General English

  • noun the act of doing something, as opposed to thinking about it or planning it
  • noun a repeated activity done so that you can improve
  • noun a way of doing something, especially a way that is regularly used


  • noun a way of doing things, a custom or habit

Information & Library Science

  • noun a repeated performance of something in order to learn to do it well
  • noun a regular or standard course of action


  • noun a way of working in court
  • noun the business premises and clients of a professional person


  • noun the business, or the premises occupied by, a doctor, dentist, or a group of doctors or dentists working together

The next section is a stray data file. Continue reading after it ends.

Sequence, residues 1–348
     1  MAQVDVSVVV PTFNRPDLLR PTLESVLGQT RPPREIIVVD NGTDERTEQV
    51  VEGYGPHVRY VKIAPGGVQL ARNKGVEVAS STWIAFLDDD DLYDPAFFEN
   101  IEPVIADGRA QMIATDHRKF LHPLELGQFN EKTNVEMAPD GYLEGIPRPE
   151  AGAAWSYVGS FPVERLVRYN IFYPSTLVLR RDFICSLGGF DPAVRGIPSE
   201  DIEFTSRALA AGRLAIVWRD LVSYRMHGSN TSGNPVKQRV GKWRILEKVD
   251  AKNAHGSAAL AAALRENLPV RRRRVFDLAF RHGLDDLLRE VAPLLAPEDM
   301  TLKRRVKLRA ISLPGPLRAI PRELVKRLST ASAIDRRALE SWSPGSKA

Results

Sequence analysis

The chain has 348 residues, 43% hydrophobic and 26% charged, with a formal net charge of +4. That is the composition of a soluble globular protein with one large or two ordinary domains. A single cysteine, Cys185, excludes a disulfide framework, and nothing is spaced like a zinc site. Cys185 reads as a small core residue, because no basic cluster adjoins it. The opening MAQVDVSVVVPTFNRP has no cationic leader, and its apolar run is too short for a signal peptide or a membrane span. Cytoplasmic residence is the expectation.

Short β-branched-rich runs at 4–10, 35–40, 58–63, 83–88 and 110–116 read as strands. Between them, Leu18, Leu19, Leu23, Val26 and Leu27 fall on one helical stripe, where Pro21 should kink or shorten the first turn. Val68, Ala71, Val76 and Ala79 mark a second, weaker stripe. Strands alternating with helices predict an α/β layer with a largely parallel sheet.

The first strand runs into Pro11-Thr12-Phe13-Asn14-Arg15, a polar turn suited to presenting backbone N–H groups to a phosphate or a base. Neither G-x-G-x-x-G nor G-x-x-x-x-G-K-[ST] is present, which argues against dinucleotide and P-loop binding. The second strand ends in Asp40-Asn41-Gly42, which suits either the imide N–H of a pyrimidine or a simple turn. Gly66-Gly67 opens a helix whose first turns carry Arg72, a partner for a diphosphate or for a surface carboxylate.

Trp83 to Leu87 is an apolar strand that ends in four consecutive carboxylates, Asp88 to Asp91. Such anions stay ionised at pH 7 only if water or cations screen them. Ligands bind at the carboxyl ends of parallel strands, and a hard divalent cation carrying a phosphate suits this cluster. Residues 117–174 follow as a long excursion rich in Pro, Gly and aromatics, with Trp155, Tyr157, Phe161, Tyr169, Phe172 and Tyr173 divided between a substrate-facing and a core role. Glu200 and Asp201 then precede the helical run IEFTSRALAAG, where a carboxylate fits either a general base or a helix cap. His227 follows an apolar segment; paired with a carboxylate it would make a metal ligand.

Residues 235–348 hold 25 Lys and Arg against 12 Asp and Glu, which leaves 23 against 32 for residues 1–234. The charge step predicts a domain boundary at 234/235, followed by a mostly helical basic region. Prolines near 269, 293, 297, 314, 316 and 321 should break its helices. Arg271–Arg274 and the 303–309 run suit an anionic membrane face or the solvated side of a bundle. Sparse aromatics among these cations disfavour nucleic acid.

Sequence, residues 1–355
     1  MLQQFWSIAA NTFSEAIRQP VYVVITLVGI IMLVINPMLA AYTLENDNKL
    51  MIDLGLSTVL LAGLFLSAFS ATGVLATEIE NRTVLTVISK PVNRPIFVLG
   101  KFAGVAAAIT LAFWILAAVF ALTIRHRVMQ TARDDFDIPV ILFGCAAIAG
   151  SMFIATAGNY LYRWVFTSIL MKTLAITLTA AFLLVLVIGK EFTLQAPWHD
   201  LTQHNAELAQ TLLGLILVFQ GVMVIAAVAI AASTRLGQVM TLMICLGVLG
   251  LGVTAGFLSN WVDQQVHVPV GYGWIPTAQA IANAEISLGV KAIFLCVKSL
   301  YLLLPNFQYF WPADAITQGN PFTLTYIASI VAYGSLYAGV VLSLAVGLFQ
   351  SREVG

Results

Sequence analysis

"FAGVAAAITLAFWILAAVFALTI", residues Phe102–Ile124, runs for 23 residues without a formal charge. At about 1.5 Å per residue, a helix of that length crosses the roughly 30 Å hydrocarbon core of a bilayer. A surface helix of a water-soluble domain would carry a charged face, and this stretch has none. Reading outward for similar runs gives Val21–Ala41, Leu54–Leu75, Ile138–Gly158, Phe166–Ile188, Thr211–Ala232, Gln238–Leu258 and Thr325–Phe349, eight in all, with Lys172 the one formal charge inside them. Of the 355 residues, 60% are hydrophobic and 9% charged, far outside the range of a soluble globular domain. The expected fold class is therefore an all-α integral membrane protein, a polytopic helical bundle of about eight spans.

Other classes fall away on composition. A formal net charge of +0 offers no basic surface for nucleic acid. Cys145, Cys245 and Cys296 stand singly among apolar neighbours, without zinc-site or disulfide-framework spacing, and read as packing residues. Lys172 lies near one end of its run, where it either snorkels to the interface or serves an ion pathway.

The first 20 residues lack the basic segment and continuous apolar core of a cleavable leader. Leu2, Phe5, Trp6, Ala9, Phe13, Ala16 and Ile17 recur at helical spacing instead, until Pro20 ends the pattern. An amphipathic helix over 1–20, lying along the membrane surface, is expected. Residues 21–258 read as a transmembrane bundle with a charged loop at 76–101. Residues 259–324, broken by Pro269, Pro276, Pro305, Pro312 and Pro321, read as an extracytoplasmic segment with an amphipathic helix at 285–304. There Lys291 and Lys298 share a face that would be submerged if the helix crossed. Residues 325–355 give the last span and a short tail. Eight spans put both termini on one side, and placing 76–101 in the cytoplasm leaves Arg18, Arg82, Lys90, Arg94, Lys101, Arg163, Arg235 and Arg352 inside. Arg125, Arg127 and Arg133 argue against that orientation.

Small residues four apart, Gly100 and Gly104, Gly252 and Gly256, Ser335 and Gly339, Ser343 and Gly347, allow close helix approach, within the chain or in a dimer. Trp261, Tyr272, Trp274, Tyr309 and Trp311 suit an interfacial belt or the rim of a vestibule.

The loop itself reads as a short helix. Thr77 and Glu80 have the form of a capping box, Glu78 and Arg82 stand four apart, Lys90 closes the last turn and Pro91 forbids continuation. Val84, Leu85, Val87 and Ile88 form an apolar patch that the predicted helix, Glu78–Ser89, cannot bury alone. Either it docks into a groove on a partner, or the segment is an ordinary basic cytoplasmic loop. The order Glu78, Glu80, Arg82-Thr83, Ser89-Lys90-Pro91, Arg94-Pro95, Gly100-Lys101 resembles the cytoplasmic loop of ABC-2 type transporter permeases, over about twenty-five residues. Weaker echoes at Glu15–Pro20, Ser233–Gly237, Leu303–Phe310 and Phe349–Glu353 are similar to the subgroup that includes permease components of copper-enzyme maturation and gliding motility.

• noun the fact of doing something, as opposed to thinking or talking about it
  • noun a usual way of doing something


  • noun the process of repeating something such as an exercise many times in order to improve performance

Origin & History of “practice”

The ultimate source of practice is Greek prássein ‘do, practise’. from its base *prak- were derived the noun praxis ‘doing, action’ (source of English praxis (16th c.)) and the adjective praktós ‘to be done’. On this was based praktikós ‘concerned with action, practical’. This passed into English via late Latin practicus as practice (14th c.), which was later superseded by practical (17th c.). From practicus was derived the medieval Latin verb practicāre, later practizāre. This passed into English via Old French practiser as practise (15th c.). The derived noun practise was altered to practice in the 16th century, on the analogy of pairs like advice/advise.